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Bruxism and Gum Disease
If you wake up every morning with a sore mouth and jaw, you may be living with a condition known as bruxism. When you have bruxism, you can even be faced with difficulty biting, chewing, and speaking. Bruxism can also lead to gum disease. While bruxism can increase the risk of gum disease, gum disease can also lead to bruxism. The Elmwood Dental Group LLC can help.
What Is Bruxism?
Bruxism is a condition in which you grind and clench your teeth. While it can happen at any time, it often occurs at night, when you have no control over the movements of your mouth. Bruxism is often caused by stress. When you are under stress, the muscles in your body, including those in your face and mouth, become tense. This causes your teeth to clench together. During the day, you may notice that this is happening, and you can put a stop to it. Stress can affect you while you sleep as well. When you sleep, you are unaware that it is happening, so it continues uninterrupted. Bruxism can lead to uneven wear on your teeth, pain in your jaw and temporomandibular joints, an increased risk of tooth damage, and an increased risk of gum disease.
What Is Gum Disease?
Gum disease is an issue that affects the health of your gums, your jawbone, and your teeth. It often starts when plaque and bacteria build up on the surfaces of your teeth, both of which lead to irritation and inflammation. Inflammation causes the tissues to pull away from your teeth, leading to periodontal pockets. Bacteria gets trapped in the pockets and attack your gums from the inside. They also start attacking periodontal ligaments and your jawbone. This leads to gum recession, loose teeth, and tooth loss. While gum disease can be caused by bruxism, gum disease can also lead to bruxism.
How Bruxism Contributes to Gum Disease
Bruxism can lead to gum disease in a couple of ways. If your bruxism is stress related, the stress you are feeling can have an impact on your immune system, decreasing its efficiency. This decreases the ability of your body to fight off bacteria and infections, including gum disease. Additionally, bruxism can lead to gum recession, which can allow bacteria to travel below the gum line.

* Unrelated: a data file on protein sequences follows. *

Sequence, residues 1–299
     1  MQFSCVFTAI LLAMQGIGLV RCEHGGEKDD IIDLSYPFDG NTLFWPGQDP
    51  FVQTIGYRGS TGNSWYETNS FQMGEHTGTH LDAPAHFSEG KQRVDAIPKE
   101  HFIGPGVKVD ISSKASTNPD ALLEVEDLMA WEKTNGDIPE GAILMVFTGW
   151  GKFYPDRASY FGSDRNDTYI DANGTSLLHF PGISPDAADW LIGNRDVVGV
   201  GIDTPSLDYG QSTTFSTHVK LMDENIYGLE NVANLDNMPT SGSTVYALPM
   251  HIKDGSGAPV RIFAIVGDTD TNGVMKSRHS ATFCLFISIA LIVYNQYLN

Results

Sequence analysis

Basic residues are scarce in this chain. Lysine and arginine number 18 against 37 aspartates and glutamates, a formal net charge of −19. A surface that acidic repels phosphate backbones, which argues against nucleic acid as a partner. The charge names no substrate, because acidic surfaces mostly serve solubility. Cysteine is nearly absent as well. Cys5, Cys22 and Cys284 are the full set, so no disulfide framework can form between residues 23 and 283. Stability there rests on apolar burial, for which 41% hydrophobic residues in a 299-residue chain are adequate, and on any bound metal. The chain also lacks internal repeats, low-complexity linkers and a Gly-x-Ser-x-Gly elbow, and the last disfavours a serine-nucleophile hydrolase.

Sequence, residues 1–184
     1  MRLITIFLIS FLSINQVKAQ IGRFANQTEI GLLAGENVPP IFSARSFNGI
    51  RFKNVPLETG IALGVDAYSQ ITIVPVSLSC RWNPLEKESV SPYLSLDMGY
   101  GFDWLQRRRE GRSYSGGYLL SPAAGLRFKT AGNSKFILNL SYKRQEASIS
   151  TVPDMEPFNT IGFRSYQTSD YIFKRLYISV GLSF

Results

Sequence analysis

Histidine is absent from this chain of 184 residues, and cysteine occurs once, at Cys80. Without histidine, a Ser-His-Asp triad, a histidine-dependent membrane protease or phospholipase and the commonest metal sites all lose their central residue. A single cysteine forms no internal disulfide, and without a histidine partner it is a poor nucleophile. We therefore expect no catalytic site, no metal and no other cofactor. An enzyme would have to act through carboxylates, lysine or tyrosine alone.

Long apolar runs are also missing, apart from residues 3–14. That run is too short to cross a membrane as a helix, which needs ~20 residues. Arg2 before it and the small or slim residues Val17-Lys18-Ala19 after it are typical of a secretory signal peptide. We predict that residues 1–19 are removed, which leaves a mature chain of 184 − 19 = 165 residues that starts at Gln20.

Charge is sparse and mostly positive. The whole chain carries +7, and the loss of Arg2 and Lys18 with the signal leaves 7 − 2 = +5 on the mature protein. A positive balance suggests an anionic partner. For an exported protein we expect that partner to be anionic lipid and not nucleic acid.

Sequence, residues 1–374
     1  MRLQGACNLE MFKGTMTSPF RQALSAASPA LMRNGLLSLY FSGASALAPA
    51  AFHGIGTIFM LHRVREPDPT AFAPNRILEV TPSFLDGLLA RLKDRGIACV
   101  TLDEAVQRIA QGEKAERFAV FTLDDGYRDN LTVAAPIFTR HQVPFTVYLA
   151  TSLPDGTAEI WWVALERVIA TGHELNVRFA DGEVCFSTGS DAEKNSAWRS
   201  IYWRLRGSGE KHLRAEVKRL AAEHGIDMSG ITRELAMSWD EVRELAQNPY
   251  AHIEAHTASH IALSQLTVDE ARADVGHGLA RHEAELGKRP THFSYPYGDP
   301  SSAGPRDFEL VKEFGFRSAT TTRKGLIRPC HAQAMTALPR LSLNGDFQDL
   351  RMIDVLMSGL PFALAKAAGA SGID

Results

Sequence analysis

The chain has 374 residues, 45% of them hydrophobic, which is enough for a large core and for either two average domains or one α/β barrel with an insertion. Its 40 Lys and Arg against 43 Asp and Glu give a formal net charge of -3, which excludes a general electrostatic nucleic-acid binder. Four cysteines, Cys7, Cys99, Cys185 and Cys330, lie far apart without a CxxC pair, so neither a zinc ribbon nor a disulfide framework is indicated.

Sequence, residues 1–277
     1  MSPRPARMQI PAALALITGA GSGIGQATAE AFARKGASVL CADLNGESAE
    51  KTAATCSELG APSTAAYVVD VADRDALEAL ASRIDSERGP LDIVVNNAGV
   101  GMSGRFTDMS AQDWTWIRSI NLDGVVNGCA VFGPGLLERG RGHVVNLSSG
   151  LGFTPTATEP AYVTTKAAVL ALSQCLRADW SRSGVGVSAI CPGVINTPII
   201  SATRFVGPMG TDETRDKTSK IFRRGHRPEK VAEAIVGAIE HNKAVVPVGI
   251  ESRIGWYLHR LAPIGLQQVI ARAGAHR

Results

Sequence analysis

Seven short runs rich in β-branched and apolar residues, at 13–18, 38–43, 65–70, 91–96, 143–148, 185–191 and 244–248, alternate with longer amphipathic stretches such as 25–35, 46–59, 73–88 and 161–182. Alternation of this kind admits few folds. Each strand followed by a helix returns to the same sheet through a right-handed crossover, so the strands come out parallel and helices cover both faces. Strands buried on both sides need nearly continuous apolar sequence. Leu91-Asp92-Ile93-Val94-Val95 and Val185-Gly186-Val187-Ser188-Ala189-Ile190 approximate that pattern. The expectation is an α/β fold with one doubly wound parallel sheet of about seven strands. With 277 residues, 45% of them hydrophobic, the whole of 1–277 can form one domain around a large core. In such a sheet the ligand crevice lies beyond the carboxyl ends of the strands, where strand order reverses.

How Gum Disease Contributes to Bruxism
Gum disease can be caused by bruxism, but it can also lead to bruxism as well. As gum disease develops, bacteria can travel below the gum line. In addition to attacking your gums, the bacteria begin attacking your periodontal ligaments and your jawbone. These structures hold your teeth securely in place. When bacteria attack them, they become weak. This compromises the stability of your teeth, causing them to become loose. When this happens, your teeth can shift out of alignment, which then alters your bite and causing grinding and clenching.
Maintaining Your Oral Health
There are ways that you can prevent both bruxism and gum disease. If you currently live with bruxism, a night guard can help to prevent the effects of grinding and clenching. This prevents tooth wear and gum recession.
It is also important to take action to prevent gum disease. Preventing gum disease involves daily brushing and flossing as well as regular dental cleanings and exams. If you notice any symptoms of gum disease, it is important that you receive treatment immediately to restore your oral health and prevent more serious complications, including bruxism, from occurring.
If you have any questions about bruxism and gum disease, The Elmwood Dental Group LLC is here to help. Give us a call today at (860) 331-8748 for more information.